=============== Received AVC Response ===============
opCode: Sub-Unit Info (0x31)
FCP Response Frame:
0C FF 31 07 28 48 FF FF
The 28 specifies a tuner subunit
The 48 specifies a panel subunit
So it looks like your 6200 does indeed have a panel subunit.
While the tuner subunit is there only for device matching, the panel subunit possibly does have some useful functionality with regards to FireWire driven channel changing.
There are two types of panel subunit implementations, direct mode, and indirect mode.
Direct mode is the more complex mode, where the target device (STB) can actually export a full, multi-page GUI control panel (with buttons, icons, sliders, etc.) to the controller (DTV), then the DTV sends "USER ACTION" commands to the STB when the user interacts with the various elements of the on-screen panel. It's possible, but unlikely that this device implements a direct-mode panel subunit. You can test to see if this devices supports a direct-mode panel subunit by hooking it to a Mits TV (with FireWire), and selecting it as the current device, and pushing the "Device Menu" on the Mits remote.
The other type of panel subunit, the indirect-mode, is a much simpler implementation. This mode supports only one AV/C command, the "PASS-THROUGH" command, that represents button press/release from a remote-control being "passed through" the FireWire cable to the target device.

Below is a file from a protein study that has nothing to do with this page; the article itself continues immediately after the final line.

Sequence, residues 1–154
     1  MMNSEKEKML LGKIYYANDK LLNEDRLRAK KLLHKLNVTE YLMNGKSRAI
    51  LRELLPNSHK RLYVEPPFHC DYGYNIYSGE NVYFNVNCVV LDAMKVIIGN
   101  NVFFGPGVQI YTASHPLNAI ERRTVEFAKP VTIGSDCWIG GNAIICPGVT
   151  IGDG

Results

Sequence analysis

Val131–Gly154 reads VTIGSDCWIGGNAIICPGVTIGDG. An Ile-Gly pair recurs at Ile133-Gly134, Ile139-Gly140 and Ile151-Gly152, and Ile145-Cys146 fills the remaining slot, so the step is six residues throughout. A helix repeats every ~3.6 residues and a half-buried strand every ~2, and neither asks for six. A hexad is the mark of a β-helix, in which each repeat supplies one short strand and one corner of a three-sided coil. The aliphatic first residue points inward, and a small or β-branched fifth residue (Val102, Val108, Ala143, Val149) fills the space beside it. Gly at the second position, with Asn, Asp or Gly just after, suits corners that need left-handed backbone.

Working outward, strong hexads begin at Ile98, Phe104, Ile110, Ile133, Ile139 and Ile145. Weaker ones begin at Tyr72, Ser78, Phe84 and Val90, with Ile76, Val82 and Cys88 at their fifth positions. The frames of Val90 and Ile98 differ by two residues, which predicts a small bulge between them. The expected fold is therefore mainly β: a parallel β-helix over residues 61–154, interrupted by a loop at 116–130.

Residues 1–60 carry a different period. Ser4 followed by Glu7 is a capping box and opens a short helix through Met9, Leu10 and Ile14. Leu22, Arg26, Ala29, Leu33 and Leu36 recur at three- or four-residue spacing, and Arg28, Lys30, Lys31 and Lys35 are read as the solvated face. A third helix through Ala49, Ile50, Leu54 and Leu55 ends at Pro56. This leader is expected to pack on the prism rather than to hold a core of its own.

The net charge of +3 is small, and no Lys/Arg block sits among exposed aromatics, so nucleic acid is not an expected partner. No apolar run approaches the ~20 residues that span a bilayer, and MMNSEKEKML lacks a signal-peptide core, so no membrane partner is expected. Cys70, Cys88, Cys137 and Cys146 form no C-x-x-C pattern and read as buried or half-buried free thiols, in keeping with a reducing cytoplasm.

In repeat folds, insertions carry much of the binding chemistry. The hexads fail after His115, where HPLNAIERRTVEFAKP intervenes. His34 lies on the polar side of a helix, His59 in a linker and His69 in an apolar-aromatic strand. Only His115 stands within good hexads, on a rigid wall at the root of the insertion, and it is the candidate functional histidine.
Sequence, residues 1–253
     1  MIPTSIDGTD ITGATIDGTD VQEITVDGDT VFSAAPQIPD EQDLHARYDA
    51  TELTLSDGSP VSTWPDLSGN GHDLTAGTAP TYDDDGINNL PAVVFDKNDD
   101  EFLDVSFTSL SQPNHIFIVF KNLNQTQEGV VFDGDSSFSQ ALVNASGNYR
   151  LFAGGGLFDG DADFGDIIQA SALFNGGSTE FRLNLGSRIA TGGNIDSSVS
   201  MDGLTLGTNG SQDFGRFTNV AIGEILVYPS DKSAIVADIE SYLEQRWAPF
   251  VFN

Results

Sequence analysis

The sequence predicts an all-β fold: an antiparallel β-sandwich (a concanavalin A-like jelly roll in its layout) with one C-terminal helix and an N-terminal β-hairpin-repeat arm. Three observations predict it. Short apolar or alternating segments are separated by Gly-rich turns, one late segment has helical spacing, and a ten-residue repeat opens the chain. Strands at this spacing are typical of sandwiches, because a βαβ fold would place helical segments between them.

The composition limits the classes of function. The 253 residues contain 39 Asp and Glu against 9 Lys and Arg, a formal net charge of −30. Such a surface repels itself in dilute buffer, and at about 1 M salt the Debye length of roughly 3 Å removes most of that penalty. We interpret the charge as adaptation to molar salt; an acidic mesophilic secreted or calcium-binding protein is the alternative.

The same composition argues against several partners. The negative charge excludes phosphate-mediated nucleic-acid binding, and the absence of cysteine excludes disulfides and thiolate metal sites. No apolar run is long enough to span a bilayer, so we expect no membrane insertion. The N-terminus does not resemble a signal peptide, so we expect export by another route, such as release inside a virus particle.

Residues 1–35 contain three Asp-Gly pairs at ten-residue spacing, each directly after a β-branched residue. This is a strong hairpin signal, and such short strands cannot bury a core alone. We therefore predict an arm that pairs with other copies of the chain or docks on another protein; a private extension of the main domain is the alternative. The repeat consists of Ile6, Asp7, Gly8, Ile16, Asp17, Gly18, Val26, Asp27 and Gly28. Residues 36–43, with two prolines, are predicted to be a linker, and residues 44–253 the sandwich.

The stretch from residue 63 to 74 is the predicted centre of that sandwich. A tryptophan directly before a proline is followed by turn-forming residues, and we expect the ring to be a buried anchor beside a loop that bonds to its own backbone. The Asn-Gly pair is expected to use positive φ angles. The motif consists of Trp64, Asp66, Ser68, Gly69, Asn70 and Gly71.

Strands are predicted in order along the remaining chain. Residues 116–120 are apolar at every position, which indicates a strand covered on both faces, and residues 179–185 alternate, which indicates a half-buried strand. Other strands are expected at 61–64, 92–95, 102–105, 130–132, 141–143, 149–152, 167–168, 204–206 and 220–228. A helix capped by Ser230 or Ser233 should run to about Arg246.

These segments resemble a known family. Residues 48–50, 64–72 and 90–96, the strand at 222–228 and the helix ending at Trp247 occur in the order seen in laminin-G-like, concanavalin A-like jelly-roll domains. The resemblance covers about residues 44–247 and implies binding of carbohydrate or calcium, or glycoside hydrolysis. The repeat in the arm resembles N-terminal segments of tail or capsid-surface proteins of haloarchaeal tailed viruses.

In the latest AV/C panel specification (currently 1.21), new operation_ids were added for deterministic functionality. Previous versions of the spec had "channel up" and "channel down", but now we have the "tune" operation where you specify the exact channel to tune to (a much more useful method of handling this).
AVCBrowser can be used to send commands to the panel subunit. Without going in to great detail here, you could try:
where xx is the channel number from 0x00 to 0xFF (in hex).
Note that AV/C targets can be fussy with regards to the exact values of operands in an AV/C command (vs. what it is expecting), so if that doesn't work, the device may reject the command, yet still support the tune functionality if a few of the bytes are changed (for example, the reserved bytes FFFF, may need to be 0000). There are other changes that may need to be made to other bytes as well. Since I don't have one of these cool boxes, I cannot experiment for myself, and it would probably require that you have access to the 1394TA spec to know what to tweak from there.